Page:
MADDEN NFL 10 (Wii) REVIEW

MADDEN WII REVIEW
With a differentiating market, graphical capability, and (most notably) control scheme, multiplatform titles would be best advised to put special attention into the Wii version to ensure its’ success on the platform and its’ corresponding large (yet specific) install base.  Starting with the introduction of the All-Play control scheme in earlier EA sports titles, Madden 10 for the Wii builds on that with a new light hearted art style, expansion of existing casual modes, and the introduction of new modes focused on local multiplayer.  We take a look at Madden 10 for the Wii and see if it does what you would expect from a Wii title well (whether you like it or not), while keeping in tact the appeal of a Madden game that so many people devour yearly.


The Pros

The assumption that the majority of Wii owners look for casual, multiplayer game play are only reinforced with Madden 10. Expanded is the 5 on 5 mode that is now playable in most game types as opposed to the standard 11 on 11. 5 on 5 naturally opens up the game, giving it a more arcade feel and a faster pace. This is complimented by the now cartoon-like art style where players are given an over-exaggerated look based on there position as opposed to realistic character models and face scans.

big guy: tackle, tall skinny guy: run and catch, well rounded guy: throw

big guy: tackle, tall skinny guy: run and catch, well rounded guy: throw

In addition, new modes introduced in the Wii verision of Madden 10 are substantially based on opening up the game of football to a broader audience as opposed to sports simulation junkies.  First is the Madden Challenge where variables can be set to extreme levels like more common fumbles, ball still live after an incomplete/dropped pass, temporary invisibility, turbo speed, one down only, and passing or running plays only.  As 1 to 4 players compete in these competitions for overall points, the active competitors and bystanders of the 4 are also able to wager points beforehand by predicting the outcome of the competition and specific wagers like most passing yards etc. to win points and gain an overall points advantage.  Secondly is the more team based multiplayer mode entitled Road to the Superbowl where 1-4 players are able compete in a season, half season and playoffs only tenures.  The goal of Road to Superbowl is to play through the series of games well enough to avoid being benched before or during a game.  At any point during the tenure of games all players involved are benched at the same time, the game ends.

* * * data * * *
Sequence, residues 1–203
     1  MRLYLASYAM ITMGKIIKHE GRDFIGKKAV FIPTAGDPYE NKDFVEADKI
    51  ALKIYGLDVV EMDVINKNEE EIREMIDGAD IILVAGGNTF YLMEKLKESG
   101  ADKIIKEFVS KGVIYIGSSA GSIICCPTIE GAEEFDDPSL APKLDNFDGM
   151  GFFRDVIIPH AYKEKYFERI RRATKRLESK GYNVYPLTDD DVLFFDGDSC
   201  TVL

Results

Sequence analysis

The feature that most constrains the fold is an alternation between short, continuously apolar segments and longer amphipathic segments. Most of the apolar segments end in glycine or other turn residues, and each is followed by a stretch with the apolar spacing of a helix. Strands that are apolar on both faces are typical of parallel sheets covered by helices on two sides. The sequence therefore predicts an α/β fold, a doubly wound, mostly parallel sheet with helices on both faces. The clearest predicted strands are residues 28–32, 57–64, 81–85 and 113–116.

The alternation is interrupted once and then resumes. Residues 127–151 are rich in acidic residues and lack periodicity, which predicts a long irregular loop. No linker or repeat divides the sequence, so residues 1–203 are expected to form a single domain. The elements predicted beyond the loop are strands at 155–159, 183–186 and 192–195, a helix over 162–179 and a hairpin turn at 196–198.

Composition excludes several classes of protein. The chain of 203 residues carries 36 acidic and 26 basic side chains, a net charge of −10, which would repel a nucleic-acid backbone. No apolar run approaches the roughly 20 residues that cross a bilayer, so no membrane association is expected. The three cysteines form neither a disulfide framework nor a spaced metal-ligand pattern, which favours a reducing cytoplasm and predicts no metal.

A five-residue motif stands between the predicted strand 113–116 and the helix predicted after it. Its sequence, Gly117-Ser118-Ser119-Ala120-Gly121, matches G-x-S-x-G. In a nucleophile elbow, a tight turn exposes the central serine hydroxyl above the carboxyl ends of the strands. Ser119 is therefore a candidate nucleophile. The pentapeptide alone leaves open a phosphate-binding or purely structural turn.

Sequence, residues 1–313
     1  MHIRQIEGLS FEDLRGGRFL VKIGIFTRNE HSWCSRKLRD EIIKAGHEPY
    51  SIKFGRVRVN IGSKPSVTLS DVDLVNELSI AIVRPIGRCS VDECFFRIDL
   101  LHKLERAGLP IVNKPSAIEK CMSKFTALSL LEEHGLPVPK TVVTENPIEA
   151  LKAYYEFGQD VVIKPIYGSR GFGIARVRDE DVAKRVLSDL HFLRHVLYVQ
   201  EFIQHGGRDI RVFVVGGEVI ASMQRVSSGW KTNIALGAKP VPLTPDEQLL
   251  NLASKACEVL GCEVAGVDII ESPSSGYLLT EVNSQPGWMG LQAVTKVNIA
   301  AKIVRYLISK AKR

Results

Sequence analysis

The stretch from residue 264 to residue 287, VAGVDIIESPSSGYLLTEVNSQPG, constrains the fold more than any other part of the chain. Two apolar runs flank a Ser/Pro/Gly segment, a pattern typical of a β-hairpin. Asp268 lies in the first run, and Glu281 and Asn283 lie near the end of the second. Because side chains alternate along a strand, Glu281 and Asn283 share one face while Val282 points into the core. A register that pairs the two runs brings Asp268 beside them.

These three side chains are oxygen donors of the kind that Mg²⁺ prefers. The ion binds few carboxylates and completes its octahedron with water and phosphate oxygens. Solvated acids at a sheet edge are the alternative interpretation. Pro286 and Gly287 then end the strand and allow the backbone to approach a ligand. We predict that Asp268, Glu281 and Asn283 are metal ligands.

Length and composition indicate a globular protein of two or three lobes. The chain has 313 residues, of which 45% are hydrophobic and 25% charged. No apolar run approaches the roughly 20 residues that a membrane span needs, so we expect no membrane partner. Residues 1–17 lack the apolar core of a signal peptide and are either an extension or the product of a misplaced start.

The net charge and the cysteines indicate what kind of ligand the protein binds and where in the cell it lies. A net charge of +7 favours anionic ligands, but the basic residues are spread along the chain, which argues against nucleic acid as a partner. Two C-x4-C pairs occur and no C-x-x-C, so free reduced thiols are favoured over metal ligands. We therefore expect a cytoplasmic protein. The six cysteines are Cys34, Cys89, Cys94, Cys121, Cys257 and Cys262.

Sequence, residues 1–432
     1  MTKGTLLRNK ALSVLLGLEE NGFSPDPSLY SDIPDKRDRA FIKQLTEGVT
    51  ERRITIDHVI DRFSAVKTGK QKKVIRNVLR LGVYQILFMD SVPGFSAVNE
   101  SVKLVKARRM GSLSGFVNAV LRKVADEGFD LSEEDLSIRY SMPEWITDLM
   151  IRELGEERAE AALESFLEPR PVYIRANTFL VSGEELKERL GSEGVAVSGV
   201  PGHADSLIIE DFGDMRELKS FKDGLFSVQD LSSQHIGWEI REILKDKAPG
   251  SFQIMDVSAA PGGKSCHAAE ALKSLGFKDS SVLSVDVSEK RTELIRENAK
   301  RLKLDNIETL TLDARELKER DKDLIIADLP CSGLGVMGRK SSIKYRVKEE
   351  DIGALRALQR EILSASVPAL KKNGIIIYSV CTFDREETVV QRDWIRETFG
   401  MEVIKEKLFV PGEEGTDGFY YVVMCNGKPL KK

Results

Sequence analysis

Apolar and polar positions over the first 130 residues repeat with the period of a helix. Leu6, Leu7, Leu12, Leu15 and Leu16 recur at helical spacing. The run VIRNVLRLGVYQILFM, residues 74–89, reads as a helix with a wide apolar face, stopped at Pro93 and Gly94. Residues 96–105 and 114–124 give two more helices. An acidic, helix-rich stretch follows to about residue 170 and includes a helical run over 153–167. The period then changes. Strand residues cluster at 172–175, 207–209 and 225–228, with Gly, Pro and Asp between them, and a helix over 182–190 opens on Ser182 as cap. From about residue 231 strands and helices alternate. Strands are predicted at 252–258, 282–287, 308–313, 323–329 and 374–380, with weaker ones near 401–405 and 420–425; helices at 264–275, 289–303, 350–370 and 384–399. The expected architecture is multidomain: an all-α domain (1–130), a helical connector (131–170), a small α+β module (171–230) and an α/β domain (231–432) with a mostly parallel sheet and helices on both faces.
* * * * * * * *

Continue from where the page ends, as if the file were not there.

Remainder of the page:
When it comes to the most prevalent difference a Wii game has against any other console, Madden 10 provides player with an improved All-Play control scheme for defense with point and tackle, in addition to Huddle-up that allows non-gamer types to assist the main player by shutting down selected members of the opposing team at any given time with the Wii-mote.  On offense, there are two main control schemes with point and pass where players select a target to pass to with the wii mote, and directional passing where you choose the target with the d-pad and throw via motion.


The Cons

The variety of the offensive controls available is appreciated, but it does feel a bit finicky regardless of which one you choose. With point and pass, it seems the game does get bit confused when throwing towards a direction where more than one receiver is in the vicinity leading to a toss up as  to which receiver it will go to.  With directional passing, the motion controls seem to be a bit unresponsive and every so often when you intend to make a pass you end up just dropping back more and/or getting sacked.

I'll just throw it that a way and hope Owens catches it

I'll just throw it that a way and hope Owens catches it

It doesn’t say much for core single player modes when they are not even available at the beginning of game, needing to be unlocked.  Once unlocked, the classic modes such as Franchise and Superstar seem old and tired.  With all the improvements and emphasis on making Madden for the Wii a casual multiplayer experience, the lack of improvement and higher customization for single player modes for the Wii gives you the impression that those looking for a one player experience need not apply.


Here’s the Deal

Madden 10 for the Wii successfully brings NFL football to the casual market while creating an enjoyable local multi-player experience.  The faster paced 5 on 5 is now playable in more modes, and the Madden Challenge along with The Road to Superbowl enhance the multiplayer experience whether it be cooperative or competitive.  However, those looking for a complimentary single player experience may be left a little disappointed and the offensive controls do need a bit improvement in the accuracy department. 6.9/10  Sean C.

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~ by shonathan on August 28, 2009.

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